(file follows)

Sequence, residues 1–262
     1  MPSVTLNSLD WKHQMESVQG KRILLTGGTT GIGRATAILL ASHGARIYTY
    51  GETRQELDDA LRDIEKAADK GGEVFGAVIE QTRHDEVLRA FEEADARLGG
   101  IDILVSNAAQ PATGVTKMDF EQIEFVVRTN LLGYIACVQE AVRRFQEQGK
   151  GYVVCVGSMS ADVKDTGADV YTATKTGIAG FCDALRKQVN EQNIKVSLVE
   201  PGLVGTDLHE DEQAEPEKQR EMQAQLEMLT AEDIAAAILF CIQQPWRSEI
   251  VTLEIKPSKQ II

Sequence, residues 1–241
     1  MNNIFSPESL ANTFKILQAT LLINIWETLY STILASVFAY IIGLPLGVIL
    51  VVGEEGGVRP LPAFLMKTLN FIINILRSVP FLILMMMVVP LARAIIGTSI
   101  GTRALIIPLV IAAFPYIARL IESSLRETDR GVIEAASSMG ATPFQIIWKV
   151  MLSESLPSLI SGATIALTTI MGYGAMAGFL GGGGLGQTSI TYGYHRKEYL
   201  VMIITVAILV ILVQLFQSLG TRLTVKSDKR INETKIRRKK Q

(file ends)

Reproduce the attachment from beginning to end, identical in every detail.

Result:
Sequence, residues 1–262
     1  MPSVTLNSLD WKHQMESVQG KRILLTGGTT GIGRATAILL ASHGARIYTY
    51  GETRQELDDA LRDIEKAADK GGEVFGAVIE QTRHDEVLRA FEEADARLGG
   101  IDILVSNAAQ PATGVTKMDF EQIEFVVRTN LLGYIACVQE AVRRFQEQGK
   151  GYVVCVGSMS ADVKDTGADV YTATKTGIAG FCDALRKQVN EQNIKVSLVE
   201  PGLVGTDLHE DEQAEPEKQR EMQAQLEMLT AEDIAAAILF CIQQPWRSEI
   251  VTLEIKPSKQ II

Sequence, residues 1–241
     1  MNNIFSPESL ANTFKILQAT LLINIWETLY STILASVFAY IIGLPLGVIL
    51  VVGEEGGVRP LPAFLMKTLN FIINILRSVP FLILMMMVVP LARAIIGTSI
   101  GTRALIIPLV IAAFPYIARL IESSLRETDR GVIEAASSMG ATPFQIIWKV
   151  MLSESLPSLI SGATIALTTI MGYGAMAGFL GGGGLGQTSI TYGYHRKEYL
   201  VMIITVAILV ILVQLFQSLG TRLTVKSDKR INETKIRRKK Q